Staff Publications

Staff Publications

  • external user (warningwarning)
  • Log in as
  • language uk
  • About

    'Staff publications' is the digital repository of Wageningen University & Research

    'Staff publications' contains references to publications authored by Wageningen University staff from 1976 onward.

    Publications authored by the staff of the Research Institutes are available from 1995 onwards.

    Full text documents are added when available. The database is updated daily and currently holds about 240,000 items, of which 72,000 in open access.

    We have a manual that explains all the features 

Record number 564497
Title Effects of nitrogen addition on soil methane uptake in global forest biomes
Author(s) Xia, Nan; Du, Enzai; Wu, Xinhui; Tang, Yang; Wang, Yang; Vries, Wim de
Source Environmental Pollution 264 (2020). - ISSN 0269-7491
DOI https://doi.org/10.1016/j.envpol.2020.114751
Department(s) WIMEK
Environmental Systems Analysis
Publication type Refereed Article in a scientific journal
Publication year 2020
Keyword(s) Forest - Nitrogen addition - Nitrogen deposition - Soil methane uptake
Abstract

Nitrogen (N) deposition has been conventionally thought to decrease forest soil methane (CH4) uptake, while the biome specific and dose dependent effect is poorly understood. Based on a meta-analysis of 63 N addition trials from 7 boreal forests, 8 temperate forests, 13 subtropical and 4 tropical forests, we evaluated the effects of N addition on soil CH4 uptake fluxes across global forest biomes. When combining all N addition levels, soil CH4 uptake was insignificantly decreased by 7% in boreal forests, while N addition significantly decreased soil CH4 uptake by 39% in temperate forests and by 21% in subtropical and tropical forests, respectively. Meta-regression analyses, however, indicated a shift from a positive to a negative effect on soil CH4 uptake with increasing N additions both in boreal forests (threshold = 48 kg N ha−1 yr−1) and temperate forests (threshold = 27 kg N ha−1 yr−1), while no such shift was found in subtropical and tropical forests. Considering that current N deposition to most boreal and temperate forests is below the abovementioned thresholds, N deposition likely exerts a positive to neutral effect on soil CH4 uptake in both forest biomes. Our results provide new insights on the biome specific and dose dependent effect of N addition on soil CH4 sink in global forests and suggest that the current understanding that N deposition decreases forest soil CH4 uptake is flawed by high levels of experimental N addition.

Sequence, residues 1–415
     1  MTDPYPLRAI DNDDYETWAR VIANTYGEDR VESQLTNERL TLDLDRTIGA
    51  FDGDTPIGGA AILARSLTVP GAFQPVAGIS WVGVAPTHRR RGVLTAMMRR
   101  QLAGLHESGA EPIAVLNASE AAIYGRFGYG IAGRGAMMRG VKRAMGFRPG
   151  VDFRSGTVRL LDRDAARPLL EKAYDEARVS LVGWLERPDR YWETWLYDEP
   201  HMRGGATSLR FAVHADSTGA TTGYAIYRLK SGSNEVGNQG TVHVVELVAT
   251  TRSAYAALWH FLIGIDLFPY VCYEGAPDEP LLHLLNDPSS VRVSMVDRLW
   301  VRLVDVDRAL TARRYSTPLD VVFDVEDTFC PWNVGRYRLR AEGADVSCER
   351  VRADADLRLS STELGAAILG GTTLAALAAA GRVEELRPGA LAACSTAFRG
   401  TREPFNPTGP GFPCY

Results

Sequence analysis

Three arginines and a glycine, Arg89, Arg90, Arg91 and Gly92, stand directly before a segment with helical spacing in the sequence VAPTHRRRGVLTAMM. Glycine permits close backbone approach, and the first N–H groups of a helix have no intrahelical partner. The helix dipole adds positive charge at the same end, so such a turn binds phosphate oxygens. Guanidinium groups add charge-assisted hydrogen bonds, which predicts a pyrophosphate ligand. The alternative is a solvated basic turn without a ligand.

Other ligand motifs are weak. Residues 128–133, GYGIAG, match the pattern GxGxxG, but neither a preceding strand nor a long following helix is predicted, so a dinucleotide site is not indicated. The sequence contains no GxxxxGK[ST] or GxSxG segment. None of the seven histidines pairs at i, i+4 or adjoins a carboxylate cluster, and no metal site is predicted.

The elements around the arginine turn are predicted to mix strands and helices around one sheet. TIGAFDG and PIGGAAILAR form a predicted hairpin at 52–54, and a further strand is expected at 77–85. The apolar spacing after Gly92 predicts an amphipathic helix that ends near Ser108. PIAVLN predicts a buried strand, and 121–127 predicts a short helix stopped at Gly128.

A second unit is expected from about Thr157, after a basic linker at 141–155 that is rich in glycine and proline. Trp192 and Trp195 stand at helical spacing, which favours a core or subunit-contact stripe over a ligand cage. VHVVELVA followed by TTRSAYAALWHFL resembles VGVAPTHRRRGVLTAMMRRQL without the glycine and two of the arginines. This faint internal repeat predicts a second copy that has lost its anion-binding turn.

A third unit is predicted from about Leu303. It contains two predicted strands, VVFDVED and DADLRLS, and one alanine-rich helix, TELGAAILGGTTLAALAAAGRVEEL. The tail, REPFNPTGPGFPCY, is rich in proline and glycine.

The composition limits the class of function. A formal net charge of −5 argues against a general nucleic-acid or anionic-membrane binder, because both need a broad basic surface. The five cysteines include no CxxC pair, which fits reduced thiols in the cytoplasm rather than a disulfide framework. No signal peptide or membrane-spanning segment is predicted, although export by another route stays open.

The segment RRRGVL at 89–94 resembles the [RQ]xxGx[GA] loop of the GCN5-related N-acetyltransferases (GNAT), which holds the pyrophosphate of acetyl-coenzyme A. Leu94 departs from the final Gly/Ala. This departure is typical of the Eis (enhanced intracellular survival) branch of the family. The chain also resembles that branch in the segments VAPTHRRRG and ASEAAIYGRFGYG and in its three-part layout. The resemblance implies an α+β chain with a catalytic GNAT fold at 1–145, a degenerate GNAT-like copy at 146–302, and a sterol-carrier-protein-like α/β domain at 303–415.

Comments
There are no comments yet. You can post the first one!
Post a comment
 
Please log in to use this service. Login as Wageningen University & Research user or guest user in upper right hand corner of this page.